Object substitution masking for an attended and foveated target

Filmer, Hannah L., Mattingley, Jason B. and Dux, Paul E. (2015) Object substitution masking for an attended and foveated target. Journal of Experimental Psychology: Human Perception and Performance, 41 1: 6-10. doi:10.1037/xhp0000024

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Author Filmer, Hannah L.
Mattingley, Jason B.
Dux, Paul E.
Title Object substitution masking for an attended and foveated target
Journal name Journal of Experimental Psychology: Human Perception and Performance   Check publisher's open access policy
ISSN 0096-1523
Publication date 2015-01-01
Year available 2014
Sub-type Article (original research)
DOI 10.1037/xhp0000024
Open Access Status File (Author Post-print)
Volume 41
Issue 1
Start page 6
End page 10
Total pages 5
Place of publication Washington DC United States
Publisher American Psychological Association
Language eng
Abstract A central assumption of models proposed to explain object substitution masking (OSM) is that the phenomenon arises only when attention is distributed across several possible target locations. However, recent work has questioned the role of attention in OSM, suggesting instead that ceiling effects might explain the apparent interaction between spatial attention and masking. Here the authors report definitive evidence that OSM does not depend upon attention being distributed over space or time. In 2 experiments, they demonstrate reliable OSM for constant, foveal presentations of a single target stimulus. Crucially, in their design participants’ attention was always focused on the target, thus discounting the hypothesis that a key requirement for OSM is distributed attention. The findings challenge how OSM is conceptualized in the broader masking literature and have important implications for theories of visual processing.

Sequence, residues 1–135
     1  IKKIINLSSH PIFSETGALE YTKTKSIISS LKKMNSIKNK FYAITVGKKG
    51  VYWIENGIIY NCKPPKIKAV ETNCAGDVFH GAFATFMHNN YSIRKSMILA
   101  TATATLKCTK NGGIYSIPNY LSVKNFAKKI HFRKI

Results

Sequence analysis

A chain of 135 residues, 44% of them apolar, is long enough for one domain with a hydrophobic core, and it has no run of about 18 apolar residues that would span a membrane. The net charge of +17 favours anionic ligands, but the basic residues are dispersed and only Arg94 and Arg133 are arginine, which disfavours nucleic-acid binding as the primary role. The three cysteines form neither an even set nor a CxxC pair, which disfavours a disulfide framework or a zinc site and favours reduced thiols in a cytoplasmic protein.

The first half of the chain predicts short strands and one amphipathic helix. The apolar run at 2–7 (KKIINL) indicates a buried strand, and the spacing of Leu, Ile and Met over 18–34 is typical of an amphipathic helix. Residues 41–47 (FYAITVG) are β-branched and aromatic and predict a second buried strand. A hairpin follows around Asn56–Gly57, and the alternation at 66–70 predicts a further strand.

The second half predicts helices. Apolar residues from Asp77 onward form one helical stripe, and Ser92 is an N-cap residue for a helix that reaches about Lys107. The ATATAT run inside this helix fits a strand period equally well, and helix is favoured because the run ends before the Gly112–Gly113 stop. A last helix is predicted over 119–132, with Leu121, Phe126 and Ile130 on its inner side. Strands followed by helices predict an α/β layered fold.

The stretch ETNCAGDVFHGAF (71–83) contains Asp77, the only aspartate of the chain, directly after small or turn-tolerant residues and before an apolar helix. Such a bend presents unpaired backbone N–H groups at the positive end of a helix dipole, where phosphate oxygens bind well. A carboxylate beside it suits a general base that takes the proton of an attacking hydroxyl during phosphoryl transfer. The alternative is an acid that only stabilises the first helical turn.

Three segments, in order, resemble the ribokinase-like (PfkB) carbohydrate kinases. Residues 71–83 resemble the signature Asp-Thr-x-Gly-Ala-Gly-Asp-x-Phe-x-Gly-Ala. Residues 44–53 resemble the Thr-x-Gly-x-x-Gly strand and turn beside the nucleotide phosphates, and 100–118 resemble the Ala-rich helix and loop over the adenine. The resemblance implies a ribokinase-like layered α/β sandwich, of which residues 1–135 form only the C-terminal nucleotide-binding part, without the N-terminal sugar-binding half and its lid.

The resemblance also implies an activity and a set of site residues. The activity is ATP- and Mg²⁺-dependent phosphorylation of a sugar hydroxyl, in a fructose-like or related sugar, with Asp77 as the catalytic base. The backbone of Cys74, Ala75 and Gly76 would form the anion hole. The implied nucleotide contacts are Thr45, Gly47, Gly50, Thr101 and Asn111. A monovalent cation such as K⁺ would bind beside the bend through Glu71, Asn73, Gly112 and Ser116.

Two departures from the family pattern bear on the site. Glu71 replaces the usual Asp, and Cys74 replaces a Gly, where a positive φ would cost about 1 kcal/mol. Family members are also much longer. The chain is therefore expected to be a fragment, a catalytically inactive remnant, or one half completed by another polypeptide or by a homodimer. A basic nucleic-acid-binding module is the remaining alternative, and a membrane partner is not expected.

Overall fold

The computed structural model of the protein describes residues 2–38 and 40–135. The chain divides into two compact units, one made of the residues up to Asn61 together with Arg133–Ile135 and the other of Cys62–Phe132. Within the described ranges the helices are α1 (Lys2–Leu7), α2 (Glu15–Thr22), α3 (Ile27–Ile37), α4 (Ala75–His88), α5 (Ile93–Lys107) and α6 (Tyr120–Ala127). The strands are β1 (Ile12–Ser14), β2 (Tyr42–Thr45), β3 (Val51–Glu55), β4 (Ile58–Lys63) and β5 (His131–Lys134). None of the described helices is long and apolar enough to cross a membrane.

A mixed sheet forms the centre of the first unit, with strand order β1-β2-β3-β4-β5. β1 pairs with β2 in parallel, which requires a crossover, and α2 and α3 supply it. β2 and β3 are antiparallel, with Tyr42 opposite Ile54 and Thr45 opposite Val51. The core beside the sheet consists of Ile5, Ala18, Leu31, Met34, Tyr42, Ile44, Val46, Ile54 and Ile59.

Keyword Attention
Object substitution masking
Visual perception
Visual masking
Q-Index Code C1
Q-Index Status Confirmed Code
Grant ID DP110102925
Institutional Status UQ
Additional Notes Published online ahead of print 8 Dec 2014

Document type: Journal Article
Sub-type: Article (original research)
Collections: Queensland Brain Institute Publications
Official 2015 Collection
School of Psychology Publications
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Citation counts: TR Web of Science Citation Count  Cited 15 times in Thomson Reuters Web of Science Article | Citations
Scopus Citation Count Cited 15 times in Scopus Article | Citations
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